Step 1: Withering

After their arrival at the tea factory, the freshly picked tea leaves are thinly distributed on large round bamboo trays. These are initially stored in a well ventilated room with low humidity and temperatures below 36°C for a period of 12-13 hours. From there, the tea leaves proceed to outdoor withering, with exposure to sunlight at temperatures around 40/41°C for about 6 hours.

Snow Shan Green Tea processing - freshly picked tea leaves distributed on large round bamboo trayWithering of tea leaves on round bamboo trays

Step 2: Roasting

Once the residual moisture in the tea leaves has dropped to a level of about 30%, it’s time to start the roasting. The roasting takes place on high stoves made of bamboo that are positioned over charcoal hearths. It is important for the resulting tea’s quality that the tea leaves are still completely unbruised at this point. During the 2-3 hours of this process, they will further lose residual moisture. This phase is also decisive for the aroma, color and taste of the resulting tea.

Roasting of Tra Pai Hao Tea in Ha Giang, Vietnam

Step 3: Rolling and oxidation

Upon this process’s completion follows the rolling of the tea leaves in a mortar for 35-40 minutes. This is a sensitive process, at which the leaf surfaces have to be broken up without destroying the actual tea leaf. At some point, the procedure is interrupted for a visual, olfactory and haptic examination of its results. This way, the tea leaves have time to cool down before undegoing another 10-15 minutes roasting round. Though the leaf structures further break up in the course of this process, the tea leaves are still remain in one piece. They are taking on a slightly curled shape now. This process requires the processing personnel’s utmost diligence and focus, along with relevant skill and experience. Another examination serves to decide, whether there’s need for a third rolling run or not.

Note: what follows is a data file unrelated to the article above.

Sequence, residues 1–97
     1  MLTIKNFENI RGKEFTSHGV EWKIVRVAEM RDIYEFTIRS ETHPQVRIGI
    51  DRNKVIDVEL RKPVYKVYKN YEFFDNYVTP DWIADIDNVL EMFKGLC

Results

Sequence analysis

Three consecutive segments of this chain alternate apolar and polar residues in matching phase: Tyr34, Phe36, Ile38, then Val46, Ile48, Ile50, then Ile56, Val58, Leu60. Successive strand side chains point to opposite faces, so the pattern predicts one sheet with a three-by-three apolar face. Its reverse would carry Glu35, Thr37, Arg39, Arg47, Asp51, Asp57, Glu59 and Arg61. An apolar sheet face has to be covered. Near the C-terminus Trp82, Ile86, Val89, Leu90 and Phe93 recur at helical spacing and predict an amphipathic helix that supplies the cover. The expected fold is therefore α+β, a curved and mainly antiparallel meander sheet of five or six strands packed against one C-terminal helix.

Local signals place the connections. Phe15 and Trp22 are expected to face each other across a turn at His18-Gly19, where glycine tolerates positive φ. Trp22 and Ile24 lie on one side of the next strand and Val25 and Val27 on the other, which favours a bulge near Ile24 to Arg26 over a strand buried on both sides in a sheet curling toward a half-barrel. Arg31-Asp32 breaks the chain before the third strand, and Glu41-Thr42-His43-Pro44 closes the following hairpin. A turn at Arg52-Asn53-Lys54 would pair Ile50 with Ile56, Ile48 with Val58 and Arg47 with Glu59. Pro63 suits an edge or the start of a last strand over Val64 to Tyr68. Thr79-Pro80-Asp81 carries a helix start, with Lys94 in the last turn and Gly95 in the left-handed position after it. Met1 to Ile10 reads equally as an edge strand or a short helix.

If the tea leaves are passing the tea master’s thorough visual, olfactory and haptic examination, they proceed to the oxidation room, where they remain for another ca. 3 hours. During this time, there is consistent testing of fragrance, taste and color, until reaching the optimum oxidation level.

Snow Shan Pai Hao tea from Vietnam oxidizing on large round bamboo trays

Step 4: Final drying

Heat treatment in a dryer machine finally effects the full stop of the oxidation process. At the same time, the tea leaves lose their residual moisture and take on their final shape. The drying, done by an electrostatic dryer machine, takes place in 3 runs of 3-4 hours each. There’s a break of 3 hours after each individual run. At this, there’s a gradual reduction of temperature in the dryer from run to run. This is based on the decreasing residual moisture in the tea leaf.

ncient Snow Shan Black Tea from Ha Giang, Vietnam - crystal clear red-brown tea liquor color

Taste and Preparation

The taste of the ready prepared Ancient Snow Shan Black Tea reflects 100% the efforts invested into its processing. There are few better examples for how only best processes can lead to best results. The general taste pattern of this tea is strongly reminiscent of that of Yunnan black teas. At this, the most coining features are malty and cocoa notes and a pronounced, but nevertheless pleasant roast aroma. In the cup, the tea is of crystal-clear transparency and intense bright red color